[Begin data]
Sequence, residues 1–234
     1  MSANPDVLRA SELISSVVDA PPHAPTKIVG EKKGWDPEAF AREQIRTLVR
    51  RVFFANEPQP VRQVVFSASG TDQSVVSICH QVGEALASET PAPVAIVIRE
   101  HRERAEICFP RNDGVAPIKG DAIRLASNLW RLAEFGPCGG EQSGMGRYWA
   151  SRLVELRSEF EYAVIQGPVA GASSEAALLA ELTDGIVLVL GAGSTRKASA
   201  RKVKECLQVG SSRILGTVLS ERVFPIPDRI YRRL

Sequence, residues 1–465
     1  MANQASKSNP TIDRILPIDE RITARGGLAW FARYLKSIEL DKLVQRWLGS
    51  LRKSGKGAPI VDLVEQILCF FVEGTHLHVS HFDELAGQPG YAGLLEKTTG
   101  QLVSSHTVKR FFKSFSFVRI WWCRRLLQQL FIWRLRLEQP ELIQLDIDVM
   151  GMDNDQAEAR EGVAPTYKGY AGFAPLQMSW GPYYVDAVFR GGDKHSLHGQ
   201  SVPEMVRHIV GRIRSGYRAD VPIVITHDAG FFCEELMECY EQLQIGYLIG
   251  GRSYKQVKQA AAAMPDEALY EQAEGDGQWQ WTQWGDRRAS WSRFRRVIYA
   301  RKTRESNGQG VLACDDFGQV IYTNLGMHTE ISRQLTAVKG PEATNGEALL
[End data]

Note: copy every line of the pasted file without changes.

Sequence, residues 1–234
     1  MSANPDVLRA SELISSVVDA PPHAPTKIVG EKKGWDPEAF AREQIRTLVR
    51  RVFFANEPQP VRQVVFSASG TDQSVVSICH QVGEALASET PAPVAIVIRE
   101  HRERAEICFP RNDGVAPIKG DAIRLASNLW RLAEFGPCGG EQSGMGRYWA
   151  SRLVELRSEF EYAVIQGPVA GASSEAALLA ELTDGIVLVL GAGSTRKASA
   201  RKVKECLQVG SSRILGTVLS ERVFPIPDRI YRRL

Sequence, residues 1–465
     1  MANQASKSNP TIDRILPIDE RITARGGLAW FARYLKSIEL DKLVQRWLGS
    51  LRKSGKGAPI VDLVEQILCF FVEGTHLHVS HFDELAGQPG YAGLLEKTTG
   101  QLVSSHTVKR FFKSFSFVRI WWCRRLLQQL FIWRLRLEQP ELIQLDIDVM
   151  GMDNDQAEAR EGVAPTYKGY AGFAPLQMSW GPYYVDAVFR GGDKHSLHGQ
   201  SVPEMVRHIV GRIRSGYRAD VPIVITHDAG FFCEELMECY EQLQIGYLIG
   251  GRSYKQVKQA AAAMPDEALY EQAEGDGQWQ WTQWGDRRAS WSRFRRVIYA
   301  RKTRESNGQG VLACDDFGQV IYTNLGMHTE ISRQLTAVKG PEATNGEALL